Elsewhere I have written about Joan’s visit to the NY World’s Fair that first week of the war in September 1939.
Her poem, New York World’s Fair 1939, commemorates that visit and ponders the peace at home.
We shall remember this peace –
This caught moment of half-night beauty
Music – and a night bird blinded by the spotlight
That same light which has just flashed
Following it as it moves….
You can read the rest of the poem here.
The New York Times today writes about how the war disturbed the World’s Fair, including what food to serve. As the Times in 1939 reported:
“Foremost was an alarm from chefs of several outstanding foreign restaurants that some delicacies heretofore transported from Europe might have a little trouble getting by the submarines….The Polish restaurant said its famous hams would last through October. The British Buttery, however, faces a shortage in its Cheshire, Cheddar and Stilton cheese….[T]he Finnish Restaurant is worried about its smoked reindeer meat supply.”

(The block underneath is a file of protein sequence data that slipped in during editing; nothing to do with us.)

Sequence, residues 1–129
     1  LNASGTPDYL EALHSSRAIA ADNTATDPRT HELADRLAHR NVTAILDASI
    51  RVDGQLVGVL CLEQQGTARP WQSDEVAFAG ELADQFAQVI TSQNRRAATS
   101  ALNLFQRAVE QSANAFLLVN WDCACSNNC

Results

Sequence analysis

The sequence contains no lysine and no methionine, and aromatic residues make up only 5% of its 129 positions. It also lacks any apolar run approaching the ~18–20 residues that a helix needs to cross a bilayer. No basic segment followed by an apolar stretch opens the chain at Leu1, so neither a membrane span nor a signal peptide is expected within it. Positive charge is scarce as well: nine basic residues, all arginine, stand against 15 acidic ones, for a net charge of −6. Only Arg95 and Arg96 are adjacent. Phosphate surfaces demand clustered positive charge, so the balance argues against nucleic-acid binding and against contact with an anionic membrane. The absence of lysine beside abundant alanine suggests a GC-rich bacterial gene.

There were many spectacular performances at the Fair. Johnny Weissmuller of Tarzan fame appeared, according to Brooks Atkinson in the Times.
Atkinson wrote how you can enjoy “Aquadonis Weissmuller, baring his wide breast to the breezes….and you can also have the pleasure of seeing a fat man splash, although not in civil attire, which is the basic philosophy of fat comedians in a swimming tank.”
Here you can see the trailer to the original 1932 movie Tarzan the Ape man.
There was also a Hedy Lamarr film, “Lady of the Tropics,” that opened.
The Fair appealed to the viewer’s sense of adventure, the exotic, and remote. But those lands would become all too familiar to those who had to fight in the war…..